THE earliest social service provided by the Church of England in Victoria for the community, was the formation in 1849, of the St. James' Dorcas Society, whose aim was to provide shelter for orphaned children, and for those left destitute in their old age. This work the society carried on for two years, until the Benevolent Asylum took care of the elderly people and left the Dorcas Society only the young children to look after. The Society erected the St. James' Orphan Asylum in Bourke Street, but four years later the asylum was transferred to Emerald Hill, now known as South Melbourne. From that time on, the Asylum was carried on as an undenominational institution, although for a long period, the office of President was held by Bishop Perry. It is now the Melbourne Orphanage, the largest in the State, but it was first cradled by the Church of England.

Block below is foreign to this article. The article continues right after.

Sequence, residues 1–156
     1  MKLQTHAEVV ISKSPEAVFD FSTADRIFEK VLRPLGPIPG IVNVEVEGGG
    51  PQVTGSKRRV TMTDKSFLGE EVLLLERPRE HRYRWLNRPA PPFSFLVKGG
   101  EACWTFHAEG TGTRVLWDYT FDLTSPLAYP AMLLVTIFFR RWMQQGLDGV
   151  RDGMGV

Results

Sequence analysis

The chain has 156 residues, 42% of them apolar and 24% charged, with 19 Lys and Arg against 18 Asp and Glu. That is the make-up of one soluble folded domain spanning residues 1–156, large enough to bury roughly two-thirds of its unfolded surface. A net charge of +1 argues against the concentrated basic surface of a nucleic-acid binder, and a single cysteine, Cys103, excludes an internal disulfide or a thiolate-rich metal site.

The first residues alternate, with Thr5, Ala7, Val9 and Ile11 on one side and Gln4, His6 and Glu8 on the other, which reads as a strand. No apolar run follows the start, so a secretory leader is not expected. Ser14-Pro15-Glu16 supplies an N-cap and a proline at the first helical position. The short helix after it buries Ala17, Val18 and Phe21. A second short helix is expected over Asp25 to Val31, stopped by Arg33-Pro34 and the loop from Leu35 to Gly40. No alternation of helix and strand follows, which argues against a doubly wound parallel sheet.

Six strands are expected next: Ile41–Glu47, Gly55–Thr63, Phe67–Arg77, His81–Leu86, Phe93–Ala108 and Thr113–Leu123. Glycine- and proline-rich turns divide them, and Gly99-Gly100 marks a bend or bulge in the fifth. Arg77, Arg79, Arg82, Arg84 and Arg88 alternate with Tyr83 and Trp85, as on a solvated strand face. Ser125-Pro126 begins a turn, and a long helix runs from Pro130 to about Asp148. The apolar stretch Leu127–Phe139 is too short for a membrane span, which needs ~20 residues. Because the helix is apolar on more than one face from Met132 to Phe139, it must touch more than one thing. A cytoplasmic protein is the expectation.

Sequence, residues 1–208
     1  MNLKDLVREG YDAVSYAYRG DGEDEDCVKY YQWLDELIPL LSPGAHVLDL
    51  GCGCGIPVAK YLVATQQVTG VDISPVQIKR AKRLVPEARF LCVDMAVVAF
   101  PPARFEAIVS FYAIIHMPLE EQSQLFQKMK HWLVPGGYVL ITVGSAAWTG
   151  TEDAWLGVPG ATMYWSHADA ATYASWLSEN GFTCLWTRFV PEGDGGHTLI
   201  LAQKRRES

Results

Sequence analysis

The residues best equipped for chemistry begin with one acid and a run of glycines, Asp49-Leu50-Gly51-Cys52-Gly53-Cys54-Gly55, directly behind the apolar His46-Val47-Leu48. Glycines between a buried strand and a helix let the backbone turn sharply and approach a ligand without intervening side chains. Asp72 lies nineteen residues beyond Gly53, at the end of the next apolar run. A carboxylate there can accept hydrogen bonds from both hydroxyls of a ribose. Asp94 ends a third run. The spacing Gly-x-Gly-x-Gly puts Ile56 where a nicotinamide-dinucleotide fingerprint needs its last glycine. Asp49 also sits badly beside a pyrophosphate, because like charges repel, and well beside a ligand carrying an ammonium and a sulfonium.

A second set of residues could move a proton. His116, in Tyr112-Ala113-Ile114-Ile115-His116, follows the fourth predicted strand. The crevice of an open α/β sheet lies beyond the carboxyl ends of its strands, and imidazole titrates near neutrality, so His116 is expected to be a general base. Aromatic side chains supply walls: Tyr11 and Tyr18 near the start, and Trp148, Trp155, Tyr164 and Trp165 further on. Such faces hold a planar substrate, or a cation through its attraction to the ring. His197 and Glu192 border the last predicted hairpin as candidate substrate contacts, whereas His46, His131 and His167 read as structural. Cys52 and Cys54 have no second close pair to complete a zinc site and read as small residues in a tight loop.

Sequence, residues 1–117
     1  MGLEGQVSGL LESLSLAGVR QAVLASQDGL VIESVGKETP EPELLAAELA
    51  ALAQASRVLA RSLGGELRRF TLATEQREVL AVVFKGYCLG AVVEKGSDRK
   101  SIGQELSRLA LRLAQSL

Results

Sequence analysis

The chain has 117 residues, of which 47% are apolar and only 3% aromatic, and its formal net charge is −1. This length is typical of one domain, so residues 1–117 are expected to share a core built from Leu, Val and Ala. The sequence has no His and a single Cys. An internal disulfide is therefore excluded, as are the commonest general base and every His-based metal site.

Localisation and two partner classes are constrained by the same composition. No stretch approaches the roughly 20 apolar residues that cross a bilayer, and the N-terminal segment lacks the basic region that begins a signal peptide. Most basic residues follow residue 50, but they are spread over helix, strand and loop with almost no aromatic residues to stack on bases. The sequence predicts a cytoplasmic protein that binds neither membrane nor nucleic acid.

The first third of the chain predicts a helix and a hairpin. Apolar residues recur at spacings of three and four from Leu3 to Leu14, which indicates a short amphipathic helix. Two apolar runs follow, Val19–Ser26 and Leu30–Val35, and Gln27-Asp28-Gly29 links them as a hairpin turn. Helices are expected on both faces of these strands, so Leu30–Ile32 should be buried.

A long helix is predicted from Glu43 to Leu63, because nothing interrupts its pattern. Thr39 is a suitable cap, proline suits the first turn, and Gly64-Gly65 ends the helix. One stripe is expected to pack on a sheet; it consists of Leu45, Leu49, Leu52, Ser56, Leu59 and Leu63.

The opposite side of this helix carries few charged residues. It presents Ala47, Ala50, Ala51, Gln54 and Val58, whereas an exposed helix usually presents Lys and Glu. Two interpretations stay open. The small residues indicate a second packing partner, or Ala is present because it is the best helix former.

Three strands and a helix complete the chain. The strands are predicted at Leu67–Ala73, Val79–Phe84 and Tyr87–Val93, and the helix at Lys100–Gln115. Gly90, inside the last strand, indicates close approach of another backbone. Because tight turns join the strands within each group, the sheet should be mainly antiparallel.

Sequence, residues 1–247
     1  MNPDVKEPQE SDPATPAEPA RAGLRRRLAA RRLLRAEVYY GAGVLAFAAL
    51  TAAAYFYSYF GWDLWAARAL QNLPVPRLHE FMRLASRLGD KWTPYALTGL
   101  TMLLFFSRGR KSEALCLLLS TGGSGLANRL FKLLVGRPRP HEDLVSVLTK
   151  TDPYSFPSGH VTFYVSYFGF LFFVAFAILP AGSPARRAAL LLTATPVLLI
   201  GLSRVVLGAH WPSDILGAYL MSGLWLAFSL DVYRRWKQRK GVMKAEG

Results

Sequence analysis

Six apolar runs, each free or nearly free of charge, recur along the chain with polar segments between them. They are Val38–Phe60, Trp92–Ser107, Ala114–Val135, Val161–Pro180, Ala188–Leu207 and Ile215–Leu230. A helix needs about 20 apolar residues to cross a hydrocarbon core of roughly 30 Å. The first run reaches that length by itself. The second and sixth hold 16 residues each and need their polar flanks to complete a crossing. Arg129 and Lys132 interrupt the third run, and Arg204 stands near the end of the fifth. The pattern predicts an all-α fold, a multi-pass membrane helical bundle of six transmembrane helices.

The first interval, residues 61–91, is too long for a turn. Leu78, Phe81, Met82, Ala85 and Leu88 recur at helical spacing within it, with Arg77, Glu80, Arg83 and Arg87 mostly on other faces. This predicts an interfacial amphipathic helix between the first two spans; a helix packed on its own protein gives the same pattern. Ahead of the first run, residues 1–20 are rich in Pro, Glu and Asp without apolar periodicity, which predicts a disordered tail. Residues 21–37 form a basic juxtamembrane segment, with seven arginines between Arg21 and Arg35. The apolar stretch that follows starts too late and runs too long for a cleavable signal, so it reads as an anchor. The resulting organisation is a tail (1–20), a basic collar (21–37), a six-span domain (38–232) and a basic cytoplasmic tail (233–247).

Perry's pioneering task in establishing the Church of England, left very little time to concentrate the efforts of the Church along the lines of social service institutions, but the wide-visioned Bishop Moorhouse keenly felt the fact that the Church was doing so little in the face of the growing vice and crime in the city of Melbourne proper, and in 1885, he was responsible for the establishment of a Deaconess's Home to be the focal point of slum rescue work. He founded the Diocesan Mission to the streets and lanes of Melbourne, with Canon Handfield as its first Chaplain and Warden, and with Sister Esther from England, as its leader. The latter gave forty years of devoted service to the poor, and her Mission Home in Little Lonsdale Street, became a centre of activity among the forgotten.